11. Click Next to move to the third step “Who will enter the flow”. This is where you select the target audience for your Flow.

  12. In the Audience section, select All users. For a user to be eligible to enter an event-triggered flow, they must be part of the target audience before they do the required event. image-20240120-174950.png

     

  13. Click Next to move to the canvas section where you can define the Flow structure that you want the user to move through.

Define Flow Structure

  1. Click the + icon. A drawer is displayed.
  2. Under Conditions, add the entry condition as “Conditional Split”. 
  3. Define the possible movement of your users down the steps of Loan Application Completion process by starting with: 
    • Branch 1 checking for the “BFSI-LoanApplicationFormsubmitted” event 
    • Branch 2 having the “BFSI-LoanDocumentsUploaded” event 
    • Branch 3 having the “BFSI-LoanApplicationPersonalDetailsFilled” event
      Note that the reason to have the checks in the reverse order is because of the ranking each branch of a conditional split has. For more information, refer to to Branching of Users via Condition Stages
  4. Turn the Keep evaluating for the next toggle on to define the maximum time to wait for the user to execute the event. For our use case, enter 30 mins. image-20240120-175605.png
  5. Add corresponding communications to each branch of the conditional split to acknowledge their loan application being successfully completed by suggesting their next course of action or nudge them to move to the next step in the process based on their current stage.
    For example, a user moving down branch 3 has completed personal information but did not share their documents for approval. So the communications in branch 3 should focus on the same. If a user moving through the default branch has not completed the first step of sharing the personal information itself, the default branch should have communications to nudge them to do the same.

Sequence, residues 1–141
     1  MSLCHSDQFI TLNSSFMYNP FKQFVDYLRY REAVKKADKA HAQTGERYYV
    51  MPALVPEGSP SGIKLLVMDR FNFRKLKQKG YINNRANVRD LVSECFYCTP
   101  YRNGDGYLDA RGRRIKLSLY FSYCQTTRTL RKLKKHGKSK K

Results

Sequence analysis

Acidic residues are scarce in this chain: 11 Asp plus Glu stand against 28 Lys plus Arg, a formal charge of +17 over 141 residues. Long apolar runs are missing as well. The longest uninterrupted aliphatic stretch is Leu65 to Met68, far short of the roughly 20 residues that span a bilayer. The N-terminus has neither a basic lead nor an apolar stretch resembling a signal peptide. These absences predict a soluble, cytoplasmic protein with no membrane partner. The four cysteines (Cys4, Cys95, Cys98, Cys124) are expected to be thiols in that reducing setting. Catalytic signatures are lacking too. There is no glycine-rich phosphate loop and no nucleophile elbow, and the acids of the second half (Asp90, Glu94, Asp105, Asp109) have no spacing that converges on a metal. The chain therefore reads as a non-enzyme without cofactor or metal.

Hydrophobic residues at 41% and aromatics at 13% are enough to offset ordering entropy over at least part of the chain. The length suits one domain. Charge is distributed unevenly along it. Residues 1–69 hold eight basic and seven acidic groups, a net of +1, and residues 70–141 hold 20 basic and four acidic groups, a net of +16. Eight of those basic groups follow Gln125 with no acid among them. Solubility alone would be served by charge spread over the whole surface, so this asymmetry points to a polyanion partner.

6. The strategy is to create a drip campaign and thus after every communication stage, you can have a Has done event stage to look for the event to be triggered as the next step. The “Yes” path of the stage can have a "Goto" stage connecting it to the first communication in the previous branch; the “No” path can have another communication.
    For example, the default branch should have a Has done event to look for the “BFSI-LoanApplicationPersonalDetailsFilled” event and the Yes path has a "Goto" stage connecting the first communication from Branch 3 to the user. The No path has another communication to target the user to get them to fill in their personal details. image-20240120-181152.png
  7. Add as many action campaigns you want, from WhatsApp to Push, OSM or In-App based on your preference, to nudge the user for both getting their feedback and sending a message. Make sure to have some gap between any two communications to avoid spamming the user by using a Wait stage, especially in the Yes path of your “Has done events”. For more information, refer to Add Controls to Flow.
  8. Click Publish.

Conclusion

In this use case, we created a Flow campaign to nudge users to complete their loan application process, depending on the stage they dropped off.

  • Now that we have published the Flow, we can analyze how well our Flow is performing.
  • We can understand how many users entered the flow because of our campaign. Create a segmentation on the “User Entered Flow” event by mentioning the “Flow ID”. For more information, refer to Users who have entered/exited the Flow.
  • We can also understand how many users actually completed their loan application because of our campaign. Create a segmentation on the “Flow Trip Conversion” event by mentioning the “Flow ID”. For more information, refer to Conversion Tracking and Attribution in Flows.